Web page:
Climate Change, Environment Dominate New WEF Global Risks Report

The World Economic Forum is sounding the alarm bells on climate change, with its annual Global Risks Report showing that environmental risks are for the first time among the top five long-term concerns, with fears of a climate breakdown now dominating.

The report names failure to cut greenhouse gas emissions and adapt to climate change, along with the loss of biodiversity, as key concerns for the Forum’s network of business leaders, NGOs, academics and others. This group of people places climate change as the number one risk by impact and number two by likelihood over the next 10 years.

In an introduction to the report, Børge Brende, President of the World Economic Forum said:

«On the environment, we note with grave concern the consequences of continued environmental degradation, including the record pace of species decline. But despite the need to be more ambitious when it comes to climate action, the UN has warned that countries have veered off course when it comes to meeting their commitments under the Paris Agreement on climate change.»

Released ahead of the World Economic Forum’s Annual Meeting in Davos, taking place from 21 to 24 January, the report urges governments and organizations to address the impact of specific threats and make preparations to contain potential fallout.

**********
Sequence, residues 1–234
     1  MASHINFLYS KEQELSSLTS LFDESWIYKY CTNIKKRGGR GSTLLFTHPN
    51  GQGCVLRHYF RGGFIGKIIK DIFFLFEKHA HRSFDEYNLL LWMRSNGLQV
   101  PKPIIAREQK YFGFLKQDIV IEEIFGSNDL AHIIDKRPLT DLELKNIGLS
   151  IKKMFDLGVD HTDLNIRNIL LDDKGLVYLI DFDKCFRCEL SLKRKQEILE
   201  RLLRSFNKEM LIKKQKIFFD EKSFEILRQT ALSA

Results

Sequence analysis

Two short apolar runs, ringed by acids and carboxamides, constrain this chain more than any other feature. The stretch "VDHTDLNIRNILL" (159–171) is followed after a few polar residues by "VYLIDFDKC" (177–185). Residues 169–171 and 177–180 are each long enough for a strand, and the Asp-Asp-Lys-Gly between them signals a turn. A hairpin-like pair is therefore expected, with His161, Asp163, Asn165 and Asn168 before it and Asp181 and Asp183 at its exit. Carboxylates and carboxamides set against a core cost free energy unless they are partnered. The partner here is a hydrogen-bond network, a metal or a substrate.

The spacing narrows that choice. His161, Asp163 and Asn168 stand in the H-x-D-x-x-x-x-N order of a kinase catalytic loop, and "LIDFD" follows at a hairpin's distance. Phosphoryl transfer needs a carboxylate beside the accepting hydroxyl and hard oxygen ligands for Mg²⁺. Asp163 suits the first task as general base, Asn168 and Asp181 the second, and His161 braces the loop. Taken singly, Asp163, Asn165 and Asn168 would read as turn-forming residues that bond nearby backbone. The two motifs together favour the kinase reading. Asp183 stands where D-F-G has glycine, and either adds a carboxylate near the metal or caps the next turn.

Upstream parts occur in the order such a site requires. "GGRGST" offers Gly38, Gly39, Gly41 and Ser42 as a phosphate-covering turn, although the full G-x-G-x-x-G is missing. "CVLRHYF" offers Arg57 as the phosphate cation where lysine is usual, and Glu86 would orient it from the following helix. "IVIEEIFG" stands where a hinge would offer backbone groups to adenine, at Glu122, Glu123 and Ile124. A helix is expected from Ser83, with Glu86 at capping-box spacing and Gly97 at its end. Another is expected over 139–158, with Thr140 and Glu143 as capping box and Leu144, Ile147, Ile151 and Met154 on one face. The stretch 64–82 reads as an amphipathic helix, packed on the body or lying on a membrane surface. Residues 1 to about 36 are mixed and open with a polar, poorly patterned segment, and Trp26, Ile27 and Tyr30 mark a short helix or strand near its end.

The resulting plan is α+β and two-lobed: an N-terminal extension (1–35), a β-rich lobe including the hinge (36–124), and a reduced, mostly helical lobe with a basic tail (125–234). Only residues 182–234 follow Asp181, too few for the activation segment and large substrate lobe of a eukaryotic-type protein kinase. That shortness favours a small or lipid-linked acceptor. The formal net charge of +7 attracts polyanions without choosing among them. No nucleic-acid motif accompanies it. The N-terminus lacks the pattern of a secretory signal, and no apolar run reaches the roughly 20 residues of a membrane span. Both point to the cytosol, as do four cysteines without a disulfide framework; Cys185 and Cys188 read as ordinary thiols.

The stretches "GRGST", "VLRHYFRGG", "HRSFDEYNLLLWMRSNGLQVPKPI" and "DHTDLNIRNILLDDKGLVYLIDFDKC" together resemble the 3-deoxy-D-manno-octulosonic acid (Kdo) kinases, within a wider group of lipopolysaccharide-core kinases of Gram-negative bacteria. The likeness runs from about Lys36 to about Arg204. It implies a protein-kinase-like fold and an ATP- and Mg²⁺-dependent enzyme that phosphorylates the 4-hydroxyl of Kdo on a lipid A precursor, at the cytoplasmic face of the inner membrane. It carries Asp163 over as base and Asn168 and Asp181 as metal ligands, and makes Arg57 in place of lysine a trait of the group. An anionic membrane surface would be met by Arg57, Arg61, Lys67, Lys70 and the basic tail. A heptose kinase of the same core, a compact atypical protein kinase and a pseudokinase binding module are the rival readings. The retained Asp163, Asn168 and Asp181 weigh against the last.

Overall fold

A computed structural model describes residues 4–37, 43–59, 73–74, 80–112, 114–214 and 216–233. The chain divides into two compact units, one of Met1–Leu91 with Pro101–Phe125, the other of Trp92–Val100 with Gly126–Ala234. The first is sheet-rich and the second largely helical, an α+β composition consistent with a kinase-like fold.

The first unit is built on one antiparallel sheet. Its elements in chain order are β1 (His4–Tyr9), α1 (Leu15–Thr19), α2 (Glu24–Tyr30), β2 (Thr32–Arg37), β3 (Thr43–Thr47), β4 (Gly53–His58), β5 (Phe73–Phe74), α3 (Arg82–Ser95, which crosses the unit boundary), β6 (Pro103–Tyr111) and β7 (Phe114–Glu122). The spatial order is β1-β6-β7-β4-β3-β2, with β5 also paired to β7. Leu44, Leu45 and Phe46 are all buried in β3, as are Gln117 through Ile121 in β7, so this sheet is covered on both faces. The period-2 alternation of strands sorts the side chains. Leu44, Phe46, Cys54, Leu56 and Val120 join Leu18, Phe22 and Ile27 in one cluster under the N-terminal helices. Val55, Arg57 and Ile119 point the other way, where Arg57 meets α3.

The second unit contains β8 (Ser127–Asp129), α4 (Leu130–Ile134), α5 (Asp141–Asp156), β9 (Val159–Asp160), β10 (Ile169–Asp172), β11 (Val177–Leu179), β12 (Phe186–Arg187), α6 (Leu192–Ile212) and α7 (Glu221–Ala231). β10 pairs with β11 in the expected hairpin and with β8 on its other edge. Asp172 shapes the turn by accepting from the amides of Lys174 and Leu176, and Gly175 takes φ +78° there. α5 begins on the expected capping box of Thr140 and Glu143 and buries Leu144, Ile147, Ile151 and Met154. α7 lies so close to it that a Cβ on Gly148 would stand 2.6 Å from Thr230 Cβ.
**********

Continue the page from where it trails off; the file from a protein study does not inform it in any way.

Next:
The report points out that for future efforts to cut greenhouse gas emissions, 2020 is a critical year, given that it presents the first opportunity for nations to revise their national plans to tackle climate change as set out under the 2015 Paris Climate Agreement.

And the report points to the increasing number of governments announcing long-term net-zero emissions goals and showing more interest in tackling outstanding challenges in developing potential low-carbon solutions.

The authors also highlight the fact that over 40 central banks and supervisors are already examining how climate risks can be integrated into their economic and financial activities.

For example, the Bank of England has warned that corporations in incumbent fossil fuel industries can expect to go bankrupt if they fail to understand the risk of their business models becoming obsolete as investment migrates to net-zero-emission alternatives.

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